Rivalry easily stirred among cities of [Ontario’s] north – by Brian MacLeod (Sudbury Star – December 15, 2011)

The Sudbury Star is the City of Greater Sudbury’s daily newspaper.

To many people in southern Ontario (read south of Parry Sound), northern Ontario is a giant mass of trees, lakes and rock.  Not so, and in politics, even less so.

Just one month ago, the mayors of Northern Ontario’s five major cities — Sudbury, North Bay, Sault Ste. Marie, Timmins and Thunder Bay — vowed to speak with one voice to press their issues with the province, especially on industrial hydro rates.

But that fraternity doesn’t reflect an always-simmering rivalry among the cities, which is heating up, in part, through the actions of the provincial government.

It doesn’t take much, mind you, to get people in North Bay and Sudbury — which are about 130 kilometres apart — jawing over who gets what. Last year, North Bay officials complained bitterly that 31 mental health beds, and the accompanying jobs, moved to Sudbury.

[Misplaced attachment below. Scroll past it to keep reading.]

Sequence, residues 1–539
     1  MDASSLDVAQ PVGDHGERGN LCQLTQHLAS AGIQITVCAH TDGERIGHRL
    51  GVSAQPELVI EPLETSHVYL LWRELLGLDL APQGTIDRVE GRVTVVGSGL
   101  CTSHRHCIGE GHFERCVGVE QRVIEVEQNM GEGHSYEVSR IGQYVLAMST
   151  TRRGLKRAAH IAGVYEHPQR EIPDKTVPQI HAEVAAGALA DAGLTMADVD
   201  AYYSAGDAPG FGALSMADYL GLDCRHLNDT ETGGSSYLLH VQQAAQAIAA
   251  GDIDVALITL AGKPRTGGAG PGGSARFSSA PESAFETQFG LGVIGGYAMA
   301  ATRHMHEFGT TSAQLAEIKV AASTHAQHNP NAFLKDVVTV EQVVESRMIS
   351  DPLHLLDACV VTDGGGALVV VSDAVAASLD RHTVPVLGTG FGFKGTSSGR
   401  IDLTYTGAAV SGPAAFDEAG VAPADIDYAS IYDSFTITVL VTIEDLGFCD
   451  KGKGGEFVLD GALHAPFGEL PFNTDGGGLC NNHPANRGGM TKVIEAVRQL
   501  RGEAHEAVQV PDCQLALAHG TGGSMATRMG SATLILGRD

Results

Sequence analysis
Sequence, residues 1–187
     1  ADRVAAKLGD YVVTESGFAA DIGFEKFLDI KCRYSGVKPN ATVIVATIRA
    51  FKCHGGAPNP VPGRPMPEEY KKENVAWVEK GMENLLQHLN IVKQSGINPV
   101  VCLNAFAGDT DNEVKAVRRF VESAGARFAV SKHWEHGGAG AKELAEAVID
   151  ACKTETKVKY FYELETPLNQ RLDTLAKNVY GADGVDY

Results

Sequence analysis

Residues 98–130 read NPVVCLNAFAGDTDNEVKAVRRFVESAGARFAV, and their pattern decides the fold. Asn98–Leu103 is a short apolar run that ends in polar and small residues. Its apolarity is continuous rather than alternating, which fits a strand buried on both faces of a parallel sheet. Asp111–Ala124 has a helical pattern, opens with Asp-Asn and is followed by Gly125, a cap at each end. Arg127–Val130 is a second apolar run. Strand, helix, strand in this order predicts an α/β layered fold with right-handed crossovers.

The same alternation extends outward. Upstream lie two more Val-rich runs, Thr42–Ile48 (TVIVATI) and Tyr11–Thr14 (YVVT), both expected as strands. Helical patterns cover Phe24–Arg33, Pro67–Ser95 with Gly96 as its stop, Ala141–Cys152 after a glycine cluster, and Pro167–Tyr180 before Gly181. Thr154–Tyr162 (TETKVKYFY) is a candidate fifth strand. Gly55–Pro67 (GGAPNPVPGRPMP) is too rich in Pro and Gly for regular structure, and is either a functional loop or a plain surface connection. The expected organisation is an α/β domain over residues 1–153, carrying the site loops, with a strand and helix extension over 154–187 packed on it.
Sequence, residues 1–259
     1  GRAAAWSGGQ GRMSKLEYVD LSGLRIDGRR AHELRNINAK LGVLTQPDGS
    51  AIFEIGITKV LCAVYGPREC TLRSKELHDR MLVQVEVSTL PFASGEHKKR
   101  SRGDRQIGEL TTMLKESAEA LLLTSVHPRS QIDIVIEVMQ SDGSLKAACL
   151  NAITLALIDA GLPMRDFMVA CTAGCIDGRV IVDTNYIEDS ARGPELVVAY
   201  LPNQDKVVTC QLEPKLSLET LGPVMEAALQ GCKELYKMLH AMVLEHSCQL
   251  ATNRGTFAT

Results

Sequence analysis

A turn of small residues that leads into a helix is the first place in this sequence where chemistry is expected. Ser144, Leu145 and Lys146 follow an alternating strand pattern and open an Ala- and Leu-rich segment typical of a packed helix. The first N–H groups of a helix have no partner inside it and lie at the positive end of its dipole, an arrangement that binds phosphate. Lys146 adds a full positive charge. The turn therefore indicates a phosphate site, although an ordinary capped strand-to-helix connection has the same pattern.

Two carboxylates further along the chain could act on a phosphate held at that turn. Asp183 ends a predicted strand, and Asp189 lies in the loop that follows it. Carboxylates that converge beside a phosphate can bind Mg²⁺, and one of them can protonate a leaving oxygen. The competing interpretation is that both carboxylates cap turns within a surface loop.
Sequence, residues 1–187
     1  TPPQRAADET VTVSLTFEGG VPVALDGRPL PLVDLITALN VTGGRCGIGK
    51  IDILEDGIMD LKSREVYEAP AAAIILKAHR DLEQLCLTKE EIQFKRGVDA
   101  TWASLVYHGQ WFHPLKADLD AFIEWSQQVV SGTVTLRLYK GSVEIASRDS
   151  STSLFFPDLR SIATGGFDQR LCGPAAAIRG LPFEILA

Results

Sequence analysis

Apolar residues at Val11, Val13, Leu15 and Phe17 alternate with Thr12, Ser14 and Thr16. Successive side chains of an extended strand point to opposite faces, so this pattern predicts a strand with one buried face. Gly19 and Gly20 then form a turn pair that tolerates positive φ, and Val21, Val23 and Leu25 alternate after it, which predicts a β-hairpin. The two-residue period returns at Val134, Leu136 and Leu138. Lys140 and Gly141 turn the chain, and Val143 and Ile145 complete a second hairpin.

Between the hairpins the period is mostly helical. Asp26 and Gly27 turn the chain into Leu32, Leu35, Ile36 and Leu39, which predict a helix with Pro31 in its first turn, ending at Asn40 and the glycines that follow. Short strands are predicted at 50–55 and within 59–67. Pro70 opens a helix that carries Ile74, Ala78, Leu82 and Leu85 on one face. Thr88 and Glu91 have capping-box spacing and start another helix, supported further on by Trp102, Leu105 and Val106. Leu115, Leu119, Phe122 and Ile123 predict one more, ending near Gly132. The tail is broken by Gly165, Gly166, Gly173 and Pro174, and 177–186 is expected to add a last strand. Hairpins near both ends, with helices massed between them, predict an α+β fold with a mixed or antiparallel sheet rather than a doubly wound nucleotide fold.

But, as QMI Agency’s Chip Martin pointed out recently, parts of northern Ontario — especially those with a strong mining sector — are booming. And everyone wants in.

North Bay and Sault Ste. Marie councils recently passed a motion demanding that they, and Timmins, be treated by the provincial government as equals to their larger cousins. This stems from the province’s 25-year Growth Plan for northern Ontario, unveiled earlier this year.

The plan acknowledged that more than half the north’s 800,000-plus people live in these five cities, which it called “economic hubs that benefit all of northern Ontario.” They were recognized as “optimal locations for infrastructure investment.” While the plan wasn’t greeted with universal applause, there was confidence that the province saw these cities as equals in their universes — which, in most cases, are hundreds of kilometres apart.

But politicians in North Bay and Sault Ste. Marie say the province has since designated Sudbury and Thunder Bay special regional planning areas, providing them with funds to develop economic plans. Suddenly, some cities are more equal than others.

For the rest of this column, please go to the Sudbury Star website: http://www.thesudburystar.com/ArticleDisplay.aspx?e=3405901

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